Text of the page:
Mahershala Ali Accepts Viggo Mortensen’s Apology for Using N-Word

“However well-intended or intellectual the conversation may have been, it wasn’t appropriate for Viggo to say,” Ali said in a statement issued Friday

Oscar Winner Mahershala Ali has accepted an apology from his “Green Book” co-star Viggo Mortensen for using the N-word during a post-screening discussion after their film.

Mortensen, who was seated beside Ali and director Peter Farrelly, dropped the N-word on Wednesday night at the ArcLight Cinemas Hollywood during a conversation moderated by Film Independent programmer Elvis Mitchell.

In a statement to TheWrap, Mortensen apologized for using the word and said, “In making the point that many people casually used the ‘N’ word at the time in which the movie’s story takes place, in 1962, I used the full word. Although my intention was to speak strongly against racism, I have no right to even imagine the hurt that is caused by hearing that word in any context, especially from a white man. I do not use the word in private or in public. I am very sorry that I did use the full word last night, and will not utter it again.”

Mortensen added, “One of the reasons I accepted the challenge of working on Peter Farrelly’s movie Green Book was to expose ignorance and prejudice in the hope that our movie’s story might help in some way to change people’s views and feelings regarding racial issues. It is a beautiful, profound movie story that I am very proud to be a part of.”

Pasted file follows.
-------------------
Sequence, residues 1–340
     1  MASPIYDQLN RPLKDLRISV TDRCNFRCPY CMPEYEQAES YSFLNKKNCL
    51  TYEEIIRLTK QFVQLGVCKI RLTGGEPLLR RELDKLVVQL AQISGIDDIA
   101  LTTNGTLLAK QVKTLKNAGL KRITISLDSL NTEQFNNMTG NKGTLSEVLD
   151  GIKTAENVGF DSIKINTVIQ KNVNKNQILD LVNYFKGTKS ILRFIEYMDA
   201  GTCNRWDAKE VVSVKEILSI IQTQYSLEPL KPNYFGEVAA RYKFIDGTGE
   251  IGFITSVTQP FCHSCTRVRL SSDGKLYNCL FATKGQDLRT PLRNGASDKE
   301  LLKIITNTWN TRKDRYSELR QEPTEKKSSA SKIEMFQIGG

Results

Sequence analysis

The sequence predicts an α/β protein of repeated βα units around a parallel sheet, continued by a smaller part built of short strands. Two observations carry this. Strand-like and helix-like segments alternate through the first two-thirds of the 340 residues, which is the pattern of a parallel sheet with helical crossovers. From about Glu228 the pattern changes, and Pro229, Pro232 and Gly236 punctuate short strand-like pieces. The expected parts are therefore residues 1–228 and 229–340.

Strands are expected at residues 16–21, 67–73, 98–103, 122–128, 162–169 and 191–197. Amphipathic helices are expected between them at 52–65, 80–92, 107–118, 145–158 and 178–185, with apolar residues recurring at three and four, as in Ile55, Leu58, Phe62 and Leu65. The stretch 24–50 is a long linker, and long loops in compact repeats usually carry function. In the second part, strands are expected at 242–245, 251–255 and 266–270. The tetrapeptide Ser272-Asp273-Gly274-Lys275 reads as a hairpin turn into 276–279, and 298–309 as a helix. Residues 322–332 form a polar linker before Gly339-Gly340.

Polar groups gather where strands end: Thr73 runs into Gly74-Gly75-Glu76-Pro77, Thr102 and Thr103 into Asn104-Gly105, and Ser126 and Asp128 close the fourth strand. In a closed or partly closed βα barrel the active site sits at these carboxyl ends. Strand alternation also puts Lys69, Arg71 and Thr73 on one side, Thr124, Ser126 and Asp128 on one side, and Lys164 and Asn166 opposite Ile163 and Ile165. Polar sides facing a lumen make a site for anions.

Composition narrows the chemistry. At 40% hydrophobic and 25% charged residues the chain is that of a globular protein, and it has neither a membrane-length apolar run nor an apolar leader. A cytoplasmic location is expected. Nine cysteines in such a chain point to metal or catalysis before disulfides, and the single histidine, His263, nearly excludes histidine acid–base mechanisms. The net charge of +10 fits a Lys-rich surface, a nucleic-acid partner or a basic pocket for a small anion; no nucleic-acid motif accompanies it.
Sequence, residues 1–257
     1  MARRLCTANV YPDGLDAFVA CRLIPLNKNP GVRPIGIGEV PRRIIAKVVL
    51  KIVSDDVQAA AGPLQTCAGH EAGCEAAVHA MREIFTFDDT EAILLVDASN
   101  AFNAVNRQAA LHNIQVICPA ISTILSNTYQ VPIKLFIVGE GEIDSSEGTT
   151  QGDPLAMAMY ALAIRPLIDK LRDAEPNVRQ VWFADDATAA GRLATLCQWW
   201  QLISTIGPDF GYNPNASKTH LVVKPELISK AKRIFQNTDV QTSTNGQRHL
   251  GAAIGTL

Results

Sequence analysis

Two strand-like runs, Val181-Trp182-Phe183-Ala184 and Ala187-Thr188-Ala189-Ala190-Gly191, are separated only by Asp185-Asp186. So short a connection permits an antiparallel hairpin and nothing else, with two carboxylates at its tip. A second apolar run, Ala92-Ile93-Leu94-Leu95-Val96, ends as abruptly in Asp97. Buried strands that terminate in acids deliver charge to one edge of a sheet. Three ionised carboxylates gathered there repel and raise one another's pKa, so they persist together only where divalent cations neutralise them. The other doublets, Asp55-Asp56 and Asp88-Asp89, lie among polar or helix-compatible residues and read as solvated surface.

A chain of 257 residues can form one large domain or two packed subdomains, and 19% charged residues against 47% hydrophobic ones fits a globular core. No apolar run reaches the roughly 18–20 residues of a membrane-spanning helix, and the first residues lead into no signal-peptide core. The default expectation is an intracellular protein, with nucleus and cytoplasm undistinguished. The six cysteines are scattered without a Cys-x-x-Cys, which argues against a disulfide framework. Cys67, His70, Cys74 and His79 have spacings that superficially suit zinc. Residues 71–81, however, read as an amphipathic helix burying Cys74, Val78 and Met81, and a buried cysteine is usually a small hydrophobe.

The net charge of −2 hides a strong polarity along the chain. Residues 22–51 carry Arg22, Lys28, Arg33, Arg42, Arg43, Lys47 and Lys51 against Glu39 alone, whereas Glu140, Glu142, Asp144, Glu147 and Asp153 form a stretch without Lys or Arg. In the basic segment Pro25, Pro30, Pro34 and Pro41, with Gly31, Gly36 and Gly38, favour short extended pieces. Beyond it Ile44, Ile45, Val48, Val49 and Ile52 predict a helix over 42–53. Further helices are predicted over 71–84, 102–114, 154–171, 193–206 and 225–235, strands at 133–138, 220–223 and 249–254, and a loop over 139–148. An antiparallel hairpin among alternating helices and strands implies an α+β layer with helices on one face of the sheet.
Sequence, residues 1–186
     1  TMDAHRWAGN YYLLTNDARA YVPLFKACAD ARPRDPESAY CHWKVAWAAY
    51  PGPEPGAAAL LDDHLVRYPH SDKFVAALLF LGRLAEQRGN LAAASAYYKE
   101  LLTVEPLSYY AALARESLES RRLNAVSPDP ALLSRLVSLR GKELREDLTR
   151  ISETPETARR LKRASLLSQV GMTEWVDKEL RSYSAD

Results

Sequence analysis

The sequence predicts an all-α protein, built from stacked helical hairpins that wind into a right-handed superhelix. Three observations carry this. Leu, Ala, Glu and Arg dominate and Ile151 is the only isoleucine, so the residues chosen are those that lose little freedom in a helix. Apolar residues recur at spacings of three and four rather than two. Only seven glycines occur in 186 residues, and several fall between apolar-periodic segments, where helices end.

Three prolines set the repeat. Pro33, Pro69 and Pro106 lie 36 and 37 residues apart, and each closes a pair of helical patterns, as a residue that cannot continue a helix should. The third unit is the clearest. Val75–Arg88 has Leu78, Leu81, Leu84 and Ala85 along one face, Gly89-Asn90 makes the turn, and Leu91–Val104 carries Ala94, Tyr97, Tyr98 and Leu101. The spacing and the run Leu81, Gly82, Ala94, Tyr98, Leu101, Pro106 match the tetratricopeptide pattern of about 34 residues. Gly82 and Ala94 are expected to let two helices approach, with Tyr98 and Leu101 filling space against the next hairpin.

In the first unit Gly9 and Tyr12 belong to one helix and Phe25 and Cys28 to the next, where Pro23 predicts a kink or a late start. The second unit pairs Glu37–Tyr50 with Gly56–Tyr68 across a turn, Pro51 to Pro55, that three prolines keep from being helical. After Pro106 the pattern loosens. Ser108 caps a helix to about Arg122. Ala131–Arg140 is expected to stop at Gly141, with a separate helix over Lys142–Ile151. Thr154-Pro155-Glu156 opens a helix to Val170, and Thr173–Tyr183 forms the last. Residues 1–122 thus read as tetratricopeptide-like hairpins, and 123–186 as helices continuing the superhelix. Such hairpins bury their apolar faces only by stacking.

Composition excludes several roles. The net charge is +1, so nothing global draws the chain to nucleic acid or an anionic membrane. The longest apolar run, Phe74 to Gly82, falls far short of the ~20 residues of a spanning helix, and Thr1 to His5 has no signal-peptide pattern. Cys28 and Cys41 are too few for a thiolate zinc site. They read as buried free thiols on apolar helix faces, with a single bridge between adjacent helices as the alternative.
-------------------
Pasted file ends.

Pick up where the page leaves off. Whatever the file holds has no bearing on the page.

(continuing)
“However well-intended or intellectual the conversation may have been, it wasn’t appropriate for Viggo to say the n-word,” Ali said in a statement issued to THR Friday in which he accepted Mortensen’s apology. “He has made it clear to me that he’s aware of this, and apologized profusely immediately following the Q&A with Elvis Mitchell. Knowing his intention was to express that removing the n-word from your vocabulary doesn’t necessarily disqualify a person as a racist or participating in actions or thoughts that are bigoted, I can accept and embrace his apology.”

Ali continued, “An excellent and poignant thought was unfortunately overshadowed by voicing the word in its fullness. Which for me, is always hurtful. The use of the word within the black community has long been debated, and its usage should continue to be examined within the black community. The use of the word by those who aren’t black, is not up for debate. The history of discrimination, slavery, pain, oppression and violence that the word has come to symbolize only causes harm to members of the black community and therefore needs to be left in the past.”

The film tells the true story of an Italian-American nightclub bouncer (Mortensen) who serves as the chauffeur for a black pianist (Ali) on a tour through the Deep South in the early 1960s.